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<!--

=head1 Using and writing dependency scanners

QuickScan allows simple target-independent scanners to be set up for
source files. Only one QuickScan scanner may be associated with any given
source file and environment, although the same scanner may (and should)
be used for multiple files of a given type.

A QuickScan scanner is only ever invoked once for a given source file,
and it is only invoked if the file is used by some target in the tree
(i.e., there is a dependency on the source file).

QuickScan is invoked as follows:

  QuickScan CONSENV CODEREF, FILENAME [, PATH]

The subroutine referenced by CODEREF is expected to return a list of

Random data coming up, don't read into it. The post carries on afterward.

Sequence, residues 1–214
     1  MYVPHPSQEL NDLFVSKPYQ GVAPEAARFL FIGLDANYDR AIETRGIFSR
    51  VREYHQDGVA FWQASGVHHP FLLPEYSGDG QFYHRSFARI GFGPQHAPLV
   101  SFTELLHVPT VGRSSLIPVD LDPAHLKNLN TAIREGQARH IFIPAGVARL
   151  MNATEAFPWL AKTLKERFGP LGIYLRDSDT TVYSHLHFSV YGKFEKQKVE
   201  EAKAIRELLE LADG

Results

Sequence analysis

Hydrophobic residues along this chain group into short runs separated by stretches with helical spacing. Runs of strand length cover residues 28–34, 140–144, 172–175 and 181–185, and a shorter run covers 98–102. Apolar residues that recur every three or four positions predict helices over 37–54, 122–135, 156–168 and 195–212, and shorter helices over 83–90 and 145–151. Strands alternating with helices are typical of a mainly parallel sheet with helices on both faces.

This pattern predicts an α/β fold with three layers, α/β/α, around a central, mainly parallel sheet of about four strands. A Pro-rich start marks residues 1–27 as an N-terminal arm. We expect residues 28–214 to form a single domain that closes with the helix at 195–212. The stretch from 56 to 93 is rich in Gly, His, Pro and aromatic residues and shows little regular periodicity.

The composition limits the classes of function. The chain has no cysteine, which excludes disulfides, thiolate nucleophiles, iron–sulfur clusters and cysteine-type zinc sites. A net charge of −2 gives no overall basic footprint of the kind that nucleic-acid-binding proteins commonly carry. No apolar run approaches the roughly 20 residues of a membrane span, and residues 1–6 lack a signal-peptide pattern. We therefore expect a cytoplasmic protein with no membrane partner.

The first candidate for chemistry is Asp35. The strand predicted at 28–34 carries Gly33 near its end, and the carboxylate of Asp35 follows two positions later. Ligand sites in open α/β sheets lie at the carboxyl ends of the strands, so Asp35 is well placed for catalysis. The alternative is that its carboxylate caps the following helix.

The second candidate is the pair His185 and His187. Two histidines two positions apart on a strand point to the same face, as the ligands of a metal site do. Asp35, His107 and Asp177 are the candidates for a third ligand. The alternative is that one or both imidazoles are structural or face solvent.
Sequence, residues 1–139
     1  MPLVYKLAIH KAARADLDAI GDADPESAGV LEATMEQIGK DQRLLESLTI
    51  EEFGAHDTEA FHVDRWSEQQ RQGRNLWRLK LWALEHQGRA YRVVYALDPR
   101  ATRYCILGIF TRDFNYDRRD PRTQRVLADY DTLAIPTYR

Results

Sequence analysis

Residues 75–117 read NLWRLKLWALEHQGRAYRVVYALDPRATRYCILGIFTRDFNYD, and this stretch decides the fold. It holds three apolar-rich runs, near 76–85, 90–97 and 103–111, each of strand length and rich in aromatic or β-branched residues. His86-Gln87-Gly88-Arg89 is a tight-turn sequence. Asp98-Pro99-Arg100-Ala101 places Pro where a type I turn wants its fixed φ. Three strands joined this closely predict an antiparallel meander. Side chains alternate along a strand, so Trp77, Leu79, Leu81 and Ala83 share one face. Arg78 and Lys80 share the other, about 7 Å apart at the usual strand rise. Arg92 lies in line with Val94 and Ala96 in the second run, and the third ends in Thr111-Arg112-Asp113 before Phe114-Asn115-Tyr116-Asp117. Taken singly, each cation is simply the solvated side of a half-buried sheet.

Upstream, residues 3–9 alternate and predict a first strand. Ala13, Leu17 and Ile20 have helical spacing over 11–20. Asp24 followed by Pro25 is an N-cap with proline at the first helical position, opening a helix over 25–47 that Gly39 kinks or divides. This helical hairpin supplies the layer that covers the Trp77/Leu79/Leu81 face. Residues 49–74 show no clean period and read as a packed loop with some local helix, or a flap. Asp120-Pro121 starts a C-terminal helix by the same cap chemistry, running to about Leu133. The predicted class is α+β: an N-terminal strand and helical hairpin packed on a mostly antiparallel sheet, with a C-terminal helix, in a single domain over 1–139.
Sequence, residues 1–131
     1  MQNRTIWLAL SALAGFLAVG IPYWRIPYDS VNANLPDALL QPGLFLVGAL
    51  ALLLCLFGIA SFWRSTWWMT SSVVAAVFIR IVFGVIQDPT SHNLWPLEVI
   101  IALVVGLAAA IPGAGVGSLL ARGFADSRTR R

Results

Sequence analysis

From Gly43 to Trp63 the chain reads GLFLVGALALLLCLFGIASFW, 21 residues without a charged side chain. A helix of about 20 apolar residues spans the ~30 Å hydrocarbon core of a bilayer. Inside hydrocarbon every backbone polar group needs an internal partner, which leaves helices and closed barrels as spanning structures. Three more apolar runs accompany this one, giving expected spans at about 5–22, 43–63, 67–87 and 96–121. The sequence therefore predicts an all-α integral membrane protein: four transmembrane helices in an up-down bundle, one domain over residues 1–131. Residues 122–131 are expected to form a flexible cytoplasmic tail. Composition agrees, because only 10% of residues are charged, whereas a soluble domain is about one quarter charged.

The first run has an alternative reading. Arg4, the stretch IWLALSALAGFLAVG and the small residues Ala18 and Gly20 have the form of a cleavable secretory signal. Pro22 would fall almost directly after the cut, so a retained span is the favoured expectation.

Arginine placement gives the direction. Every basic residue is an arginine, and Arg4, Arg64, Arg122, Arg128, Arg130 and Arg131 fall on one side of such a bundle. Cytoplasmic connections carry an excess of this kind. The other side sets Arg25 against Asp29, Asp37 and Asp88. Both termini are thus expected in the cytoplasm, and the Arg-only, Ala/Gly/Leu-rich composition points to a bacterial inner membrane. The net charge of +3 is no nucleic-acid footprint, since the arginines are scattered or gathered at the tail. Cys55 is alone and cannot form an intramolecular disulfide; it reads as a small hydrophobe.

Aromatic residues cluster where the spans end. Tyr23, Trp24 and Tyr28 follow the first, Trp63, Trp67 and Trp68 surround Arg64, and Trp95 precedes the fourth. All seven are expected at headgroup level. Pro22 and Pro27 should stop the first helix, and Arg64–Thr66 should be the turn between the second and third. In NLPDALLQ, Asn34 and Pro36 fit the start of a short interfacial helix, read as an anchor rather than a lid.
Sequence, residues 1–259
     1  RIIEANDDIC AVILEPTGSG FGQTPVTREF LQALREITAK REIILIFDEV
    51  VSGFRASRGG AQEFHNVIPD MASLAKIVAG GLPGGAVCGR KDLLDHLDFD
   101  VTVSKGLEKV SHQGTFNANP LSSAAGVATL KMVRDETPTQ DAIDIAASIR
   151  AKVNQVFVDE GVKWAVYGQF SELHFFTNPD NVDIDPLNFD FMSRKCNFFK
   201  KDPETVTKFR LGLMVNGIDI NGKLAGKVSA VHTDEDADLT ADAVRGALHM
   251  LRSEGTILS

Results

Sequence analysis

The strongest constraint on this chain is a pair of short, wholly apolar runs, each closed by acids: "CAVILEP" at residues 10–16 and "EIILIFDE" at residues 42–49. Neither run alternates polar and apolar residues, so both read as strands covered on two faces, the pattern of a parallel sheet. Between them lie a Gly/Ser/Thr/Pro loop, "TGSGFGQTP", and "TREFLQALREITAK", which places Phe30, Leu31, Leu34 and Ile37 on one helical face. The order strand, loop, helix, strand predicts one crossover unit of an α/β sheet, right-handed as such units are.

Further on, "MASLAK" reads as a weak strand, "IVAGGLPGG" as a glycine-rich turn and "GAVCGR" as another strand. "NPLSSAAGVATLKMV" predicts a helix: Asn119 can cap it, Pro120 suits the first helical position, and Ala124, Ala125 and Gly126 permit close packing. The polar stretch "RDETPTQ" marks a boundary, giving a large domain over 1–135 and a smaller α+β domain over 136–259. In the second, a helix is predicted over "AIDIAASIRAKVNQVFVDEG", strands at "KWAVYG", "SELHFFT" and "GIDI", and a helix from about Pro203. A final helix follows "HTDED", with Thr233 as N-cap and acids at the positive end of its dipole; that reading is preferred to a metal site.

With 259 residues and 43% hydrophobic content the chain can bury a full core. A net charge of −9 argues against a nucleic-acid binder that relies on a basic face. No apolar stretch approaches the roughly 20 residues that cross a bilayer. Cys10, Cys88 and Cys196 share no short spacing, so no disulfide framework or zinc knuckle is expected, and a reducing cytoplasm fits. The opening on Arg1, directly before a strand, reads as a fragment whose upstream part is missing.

filenames included directly by FILE. These filenames will, in turn, be
scanned. The optional PATH argument supplies a lookup path for finding
FILENAME and/or files returned by the user-supplied subroutine.  The PATH
may be a reference to an array of lookup-directory names, or a string of
names separated by the system's separator character (':' on UNIX systems,
';' on Windows NT).

The subroutine is called once for each line in the file, with $_ set to the
current line. If the subroutine needs to look at additional lines, or, for
that matter, the entire file, then it may read them itself, from the
filehandle SCAN. It may also terminate the loop, if it knows that no further
include information is available, by closing the filehandle.

Whether or not a lookup path is provided, QuickScan first tries to lookup
the file relative to the current directory (for the top-level file
supplied directly to QuickScan), or from the directory containing the
file which referenced the file. This is not very general, but seems good
enough, especially if you have the luxury of writing your own utilities
and can control the use of the search path in a standard way.